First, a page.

Painter Joan Semmel shakes up our preconceived notions of the contemporary self-portrait by translating hers into paint. Her latest exhibition at the Bronx Museum, entitled, "The Lucid Eye," depicts the aging process with honesty and -- dare we say -- defiance.

joan semmel

In a video interview with Artforum, the artist says, "One of the reasons I decided to use myself, was that I wanted to be a specific body...that is not idealized, so the culture absorbs people as they are, not as they'd like them to be." Semmel, who was born in 1930, begins with taking regular photographs of herself — sometimes of her face via webcam, sometimes of her nude body in the mirror. At times the flash of the camera or the glow of the computer screen distort the images, adding a contemporary reminder to the classic and often objectifying tradition of the painted female nude. It's worth a reminder that while naked women pervade gallery and museum walls to this day, whether they be Impressionist classics or up-and-comers, the representation of older women is shockingly low.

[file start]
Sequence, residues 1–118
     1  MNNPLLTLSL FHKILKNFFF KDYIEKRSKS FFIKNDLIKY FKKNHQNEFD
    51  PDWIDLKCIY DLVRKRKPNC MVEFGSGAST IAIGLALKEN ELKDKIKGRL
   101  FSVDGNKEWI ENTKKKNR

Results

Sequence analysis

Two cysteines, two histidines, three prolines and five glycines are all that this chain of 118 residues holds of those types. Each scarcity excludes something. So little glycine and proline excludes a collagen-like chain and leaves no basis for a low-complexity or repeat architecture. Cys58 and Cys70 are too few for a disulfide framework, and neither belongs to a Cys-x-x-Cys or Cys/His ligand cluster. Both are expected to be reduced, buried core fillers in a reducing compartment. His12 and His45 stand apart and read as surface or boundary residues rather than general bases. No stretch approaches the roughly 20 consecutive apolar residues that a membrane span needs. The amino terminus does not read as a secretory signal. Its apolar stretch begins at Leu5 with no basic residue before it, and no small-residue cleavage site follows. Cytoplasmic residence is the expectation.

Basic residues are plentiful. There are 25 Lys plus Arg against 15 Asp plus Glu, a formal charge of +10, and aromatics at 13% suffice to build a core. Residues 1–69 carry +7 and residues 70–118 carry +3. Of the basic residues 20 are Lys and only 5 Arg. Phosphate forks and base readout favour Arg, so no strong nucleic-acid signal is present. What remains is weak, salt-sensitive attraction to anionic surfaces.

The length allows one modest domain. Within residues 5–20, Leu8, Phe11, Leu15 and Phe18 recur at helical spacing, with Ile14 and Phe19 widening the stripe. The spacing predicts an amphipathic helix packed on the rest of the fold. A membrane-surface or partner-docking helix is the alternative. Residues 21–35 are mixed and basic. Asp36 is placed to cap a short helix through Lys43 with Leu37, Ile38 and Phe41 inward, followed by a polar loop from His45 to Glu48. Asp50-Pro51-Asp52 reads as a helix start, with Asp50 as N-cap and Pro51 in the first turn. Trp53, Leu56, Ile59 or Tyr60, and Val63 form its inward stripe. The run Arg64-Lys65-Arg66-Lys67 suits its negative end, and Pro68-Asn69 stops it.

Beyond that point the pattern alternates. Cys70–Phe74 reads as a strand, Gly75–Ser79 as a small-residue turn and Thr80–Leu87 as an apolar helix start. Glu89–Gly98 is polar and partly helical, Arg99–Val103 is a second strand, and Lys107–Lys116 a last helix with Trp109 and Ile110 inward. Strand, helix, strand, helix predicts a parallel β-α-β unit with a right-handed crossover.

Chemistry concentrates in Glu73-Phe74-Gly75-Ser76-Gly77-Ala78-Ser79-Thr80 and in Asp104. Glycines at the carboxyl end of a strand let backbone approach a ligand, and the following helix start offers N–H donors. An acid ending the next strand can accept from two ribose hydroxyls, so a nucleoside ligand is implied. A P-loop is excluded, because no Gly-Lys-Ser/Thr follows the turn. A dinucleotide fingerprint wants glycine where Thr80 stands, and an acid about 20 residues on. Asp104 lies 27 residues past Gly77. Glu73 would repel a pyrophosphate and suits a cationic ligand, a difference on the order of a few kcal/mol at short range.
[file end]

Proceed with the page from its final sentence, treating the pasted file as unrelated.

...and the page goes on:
Contemporary female self-portraitists often pull a Cindy Sherman, using their work to show the impossibility of relaying an essential identity. Semmel's portraits, however, openly tell the story of her own changing body, using one of art history's most timeless tropes to create a truly provocative contemporary portrait.

Joan Semmel's exhibition will show until June 9 at The Bronx Museum in New York.

Check out a preview of Semmel's work below and check out the work of Aleah Chapin to see more unconventional nudes of older women.

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  • Joan Semmel Self Portrait 4

  • Joan Semmel Mirrored Screen

  • Joan Semmel Self Portrait 2

  • Joan Semmel Untitled 2007

  • Joan Semmel Light on Glass

  • Joan Semmel Untitled 2008

  • Joan Semmel Double X

  • Joan Semmel Disappearing

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